Jason Jacobs:                Well, I heard somewhere that you were encouraging people maybe working on nonprofit initiatives in this area. Is that true?

Gustaf A.:                     Yes. So we've funded nonprofits for a while. We have a couple learnings from funding nonprofits. The first nonprofit that we funded was Watsi and that was 2013. So it's been about 6 years since we started funding nonprofits. The thing that we have learned nonprofits is to have a really, really big impact on society, relying on donors is not a good way to have that impact. It's possible, it's just not a great way. So it's better, even if you're nonprofit, to rely on revenue where you're charging someone for something. Or at least you're not relying on big money donors, so you have to go out and spend most of the year raising funding or applying to grants. It doesn't scale very well. It works well when you're maybe 2 or 3 people, but when you're a few hundred people it doesn't work well.

Gustaf A.:                     The second thing that we've learned is technology can play a huge impact into nonprofits. So not a criteria, but a very common thread among the nonprofits we've funded the last couple years, has been that they use technology to achieve their goals. So an example of that is Tarjimly. Tarjimly is a platform where volunteers can translate for refugees in refugee camps. All they need to have is a phone with Facebook messenger and the same has to happen on the other end, and you can be, within a minute, a volunteer translator for a refugee. That's a technology driven nonprofit. There's no way you can make a profit off refugees. And that's something that works really well that we've been able to fund.

Gustaf A.:                     I think there are historical set up nonprofits that we're unlikely to fund because of how they look and the structure and the things that I mentioned. It doesn't mean that are opposed to nonprofits, but I think that in some cases when people apply to nonprofit, we try to question them and be like "Are you sure that this is best done as a nonprofit if your goal is to achieve change in the world?" And we try to convince them to do either a for profit or something in between.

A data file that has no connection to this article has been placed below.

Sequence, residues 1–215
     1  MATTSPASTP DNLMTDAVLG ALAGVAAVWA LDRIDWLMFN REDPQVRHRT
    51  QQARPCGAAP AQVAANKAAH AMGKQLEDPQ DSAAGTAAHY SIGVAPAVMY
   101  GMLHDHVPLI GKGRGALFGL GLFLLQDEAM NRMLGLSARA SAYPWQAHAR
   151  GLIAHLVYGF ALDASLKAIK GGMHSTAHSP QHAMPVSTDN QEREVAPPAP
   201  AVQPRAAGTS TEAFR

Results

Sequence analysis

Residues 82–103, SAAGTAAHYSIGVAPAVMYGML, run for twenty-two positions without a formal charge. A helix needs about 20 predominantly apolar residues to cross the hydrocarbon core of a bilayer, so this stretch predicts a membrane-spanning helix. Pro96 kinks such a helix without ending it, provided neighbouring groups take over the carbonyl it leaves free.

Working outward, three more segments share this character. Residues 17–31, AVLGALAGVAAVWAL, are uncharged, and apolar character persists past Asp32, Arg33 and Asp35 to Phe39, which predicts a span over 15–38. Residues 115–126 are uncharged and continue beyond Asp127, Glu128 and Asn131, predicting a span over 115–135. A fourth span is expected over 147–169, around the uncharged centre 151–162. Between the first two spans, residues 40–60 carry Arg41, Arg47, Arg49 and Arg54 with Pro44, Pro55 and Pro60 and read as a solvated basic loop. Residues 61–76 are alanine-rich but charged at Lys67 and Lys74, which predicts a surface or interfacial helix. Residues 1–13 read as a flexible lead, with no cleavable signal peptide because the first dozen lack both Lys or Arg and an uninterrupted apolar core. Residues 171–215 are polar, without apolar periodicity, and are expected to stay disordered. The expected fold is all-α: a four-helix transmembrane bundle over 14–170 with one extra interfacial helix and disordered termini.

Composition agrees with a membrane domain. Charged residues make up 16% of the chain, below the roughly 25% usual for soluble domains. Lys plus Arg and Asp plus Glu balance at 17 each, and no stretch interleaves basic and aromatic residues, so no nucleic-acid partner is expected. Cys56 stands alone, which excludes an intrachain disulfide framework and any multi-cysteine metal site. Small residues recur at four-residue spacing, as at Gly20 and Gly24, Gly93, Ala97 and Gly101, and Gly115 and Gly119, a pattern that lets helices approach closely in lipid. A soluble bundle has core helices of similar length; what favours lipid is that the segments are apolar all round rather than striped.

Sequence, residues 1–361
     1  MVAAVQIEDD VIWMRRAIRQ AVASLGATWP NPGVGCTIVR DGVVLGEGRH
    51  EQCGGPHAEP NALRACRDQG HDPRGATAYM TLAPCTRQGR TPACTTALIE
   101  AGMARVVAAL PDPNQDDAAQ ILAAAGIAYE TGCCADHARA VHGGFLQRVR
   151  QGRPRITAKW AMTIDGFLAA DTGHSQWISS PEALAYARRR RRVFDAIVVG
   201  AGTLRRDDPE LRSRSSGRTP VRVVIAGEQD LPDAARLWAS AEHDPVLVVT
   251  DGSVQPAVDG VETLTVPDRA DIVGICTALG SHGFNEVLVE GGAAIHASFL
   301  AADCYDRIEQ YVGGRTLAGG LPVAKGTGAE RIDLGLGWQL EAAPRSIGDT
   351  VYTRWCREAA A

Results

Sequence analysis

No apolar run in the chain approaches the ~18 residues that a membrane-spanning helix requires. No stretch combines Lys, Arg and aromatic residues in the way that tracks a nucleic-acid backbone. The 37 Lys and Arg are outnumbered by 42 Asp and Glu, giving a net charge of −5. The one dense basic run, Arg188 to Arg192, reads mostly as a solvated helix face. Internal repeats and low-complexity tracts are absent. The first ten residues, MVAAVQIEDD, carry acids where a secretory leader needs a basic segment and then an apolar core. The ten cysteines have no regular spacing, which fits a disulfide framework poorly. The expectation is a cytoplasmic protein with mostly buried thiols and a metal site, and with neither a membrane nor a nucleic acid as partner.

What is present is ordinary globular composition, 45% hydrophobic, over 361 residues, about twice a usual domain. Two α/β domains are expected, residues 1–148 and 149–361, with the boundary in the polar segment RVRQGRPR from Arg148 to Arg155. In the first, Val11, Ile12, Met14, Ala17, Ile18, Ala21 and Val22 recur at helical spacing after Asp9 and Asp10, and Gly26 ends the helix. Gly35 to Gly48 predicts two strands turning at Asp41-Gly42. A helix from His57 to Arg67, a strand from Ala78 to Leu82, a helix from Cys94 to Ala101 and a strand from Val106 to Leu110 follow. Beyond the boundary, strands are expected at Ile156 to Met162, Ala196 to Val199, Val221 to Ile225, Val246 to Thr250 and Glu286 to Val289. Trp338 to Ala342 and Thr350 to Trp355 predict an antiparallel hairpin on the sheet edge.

Jason Jacobs:                What was it? There was a pretty well known political one that you guys took in as part of your class a year or two ago, right? Which one was that?

Gustaf A.:                     Well, we funded ACLU and we funded vote.org.

Jason Jacobs:                That's the one I was thinking of. Is there a comparable in the climate fight and would that be interesting? If Sunrise Movement came to you guys, would you have a reaction to them? Or Extinction Rebellion or any of these other grass roots?

Gustaf A.:                     I think ACLU was the one exception in the top of nonprofits that we've funded. It doesn't actually look like most of the ones that we fund on a regular basis. We funded Good Food Institute in a similar way, where they are focusing on promoting plant based and clean meat in the world. If a climate change or carbon removal nonprofit came to us, and like I mentioned they weren't well trained at running on big donors and they use technology in some way, then absolutely I think we would consider it. I don't think that we do very well for nonprofits that look like a traditional nonprofit, where the entire goal of YC is to raise more donations. I don't think that we help them very much. Unless they have a very strong ambition to change into something else. But sure. I think that we should do that. We're open to.

Gustaf A.:                     I would argue that nonprofit is often viewed as the way to have big change in the world without being conflicted about your profit motives. But in many of the cases of the things that we've funded, the profit motive is completely aligned with a long term change you want in the world. I think that there are many companies that we've funded, the clean meat company is in there, that their goal is to make plant based food and clean meat. And they are doing that for profit, which I think Beyond Meat went public the other week, and is a great example of how you can have a really ambitious plan which has potentially a massive effect for our climate, and be a for profit company. Where I think that people are making a mistake if they start thinking that good for the world means more nonprofit. I think that's a huge mistake.